Successful homestand allows Tribe to partly climb out of early-season hole
With a 5-2 record on this homestand, the Indians have made some headway on coming back from their tough start.
Cleveland Indians shortstop Asdrubal Cabrera (right) celebrates a 9-4 win over the Minnesota Twins at Progressive Field.
David Richard / USA TODAY Sports
By Joe Reedy
CLEVELAND -- Terry Francona said at the beginning of the Indians' seven-game homestand that it wasn't going to be a quick turnaround from the hole they dug in April. After going 5-2 though, the hole isn't as steep.
The Indians have their first three-game win streak of the season after a 9-4 win over the Twins. That capped a 5-2 homestand that brought the Tribe out of the AL Central cellar by a couple percentage points.
The only thing that wasn't fixed was the gap in the division. With Detroit winning eight of its last nine, Cleveland is 6 Â½ games back and actually fell a game back compared to the start of the series against the White Sox on May 2.
"We're still inconsistent in some things, but we're doing a lot of things better than we were," Francona said. "This whole homestand we played with the lead. We lost it late in a couple games. I think we're playing with a little more confidence and purpose. It definitely feels better."
Francona talked about having to do to climb out of things the right way. That began with the starting rotation. Coming into the homestand, Corey Kluber and Zach McAllister were the only ones with a win as they combined for five. The rotation finished the homestand with four wins with none coming from Kluber and McAllister. Justin Masterson had two, including Thursday, with Danny Salazar and Josh Tomlin picking up the others.
Over the past seven games, the starters allowed only 10 earned runs in 46 1/3 innings pitched (1.94 ERA) and struck out 51 with only 13 walks.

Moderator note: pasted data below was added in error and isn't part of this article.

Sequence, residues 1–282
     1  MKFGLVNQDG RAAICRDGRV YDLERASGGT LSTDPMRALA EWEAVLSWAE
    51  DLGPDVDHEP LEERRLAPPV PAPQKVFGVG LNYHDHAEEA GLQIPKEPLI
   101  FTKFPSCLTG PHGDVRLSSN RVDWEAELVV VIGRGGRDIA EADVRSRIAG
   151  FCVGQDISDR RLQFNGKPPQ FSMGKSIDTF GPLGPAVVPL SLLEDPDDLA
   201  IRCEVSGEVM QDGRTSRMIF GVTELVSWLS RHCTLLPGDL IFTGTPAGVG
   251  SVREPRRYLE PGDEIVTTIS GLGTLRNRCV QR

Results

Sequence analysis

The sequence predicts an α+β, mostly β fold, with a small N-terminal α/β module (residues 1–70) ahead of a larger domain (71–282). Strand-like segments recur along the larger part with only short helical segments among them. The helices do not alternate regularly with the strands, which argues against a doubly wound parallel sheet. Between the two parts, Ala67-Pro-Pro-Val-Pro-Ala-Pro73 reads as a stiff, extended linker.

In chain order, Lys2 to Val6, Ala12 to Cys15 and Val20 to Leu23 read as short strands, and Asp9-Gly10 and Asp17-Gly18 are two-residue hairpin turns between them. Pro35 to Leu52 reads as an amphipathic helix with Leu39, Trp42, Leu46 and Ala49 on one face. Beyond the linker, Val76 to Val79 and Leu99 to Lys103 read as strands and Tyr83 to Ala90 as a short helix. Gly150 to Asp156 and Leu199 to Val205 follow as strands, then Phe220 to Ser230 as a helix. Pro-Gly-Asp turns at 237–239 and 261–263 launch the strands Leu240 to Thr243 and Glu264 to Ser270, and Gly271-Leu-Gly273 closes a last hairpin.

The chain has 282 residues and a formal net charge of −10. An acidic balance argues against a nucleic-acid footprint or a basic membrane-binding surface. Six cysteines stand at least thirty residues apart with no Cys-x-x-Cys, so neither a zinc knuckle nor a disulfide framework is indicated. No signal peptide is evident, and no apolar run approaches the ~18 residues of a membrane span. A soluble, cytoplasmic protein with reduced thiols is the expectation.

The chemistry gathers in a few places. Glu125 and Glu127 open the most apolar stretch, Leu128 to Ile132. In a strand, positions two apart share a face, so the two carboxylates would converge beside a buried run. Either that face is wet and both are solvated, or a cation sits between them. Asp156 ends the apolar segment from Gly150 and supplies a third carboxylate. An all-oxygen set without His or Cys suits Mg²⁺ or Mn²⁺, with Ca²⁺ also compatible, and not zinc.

"Our pitching gave us a chance every single game and that's a good way to play," Francona said. "We believe our hitters are going to hit but when you pitch that consistently you always have a chance to win."
On Thursday, Masterson allowed only one hit and faced the minimum number of batters through four innings before running into some trouble in the sixth and seventh. The right-hander allowed just two earned runs (four total) on four hits across 6 1/3 innings with four walks and seven strikeouts in 97 pitches.
Said Masterson about the rotation: "Things have been working well for all of us. We're just going out there and throwing strikes. That's what we weren't doing early. Lately we've been able to be in the strike zone and have low pitch counts."
The offense also has started to pick things up, batting .261, which is 23 points higher than what it is during the season. Michael Brantley, who went 3 for 5 with a home run and three RBI, has hit in eight straight games and Mike Aviles, who had the walk-off single on Wednesday, is 8 for his last 11.
The homestand started with a season-high 12 runs against Chicago. They ended it by tying a season high in hits with 15 on Thursday. Four players had three or more hits -- Asdrubal Cabrera was 4 for 5 and nearly had a triple while Brantley, Aviles and David Murphy added three apiece.
When the Twins got within 5-4 in the seventh, the Indians promptly answered with three to put the game away.
"Hitting is contagious and you kind of lean on one another," Brantley said. "When a couple guys get on and get a single it just keeps the line moving. It takes the pressure off and we score more runs.
"Confidence is key. We were in a rut at the start (of the season) and now we have to keep the momentum going and move forward."
We'll see over the next week whether this run has the makings of another bounce-back May (they were 18-12 last season) will be told over the next week with trips to Tampa Bay and Toronto. The next homestand won't be easy with Oakland and Detroit.
If they are going to do that, they still need to clean up a couple things. They lead the majors in errors with 35, questions remain about closer John Axford after he lost back-to-back games even though he did get the win on Wednesday. The biggest one though is how long can Carlos Santana remain in the cleanup spot batting .143?
"We needed this homestand. It's never fun to get swept in two series (like they were against the Giants and Angels)," Masterson said. "To come home and take care of business like we were supposed to but come back and win was tremendous, hopefully carries into the next series. Guys have momentum at the plate and we're pitching well."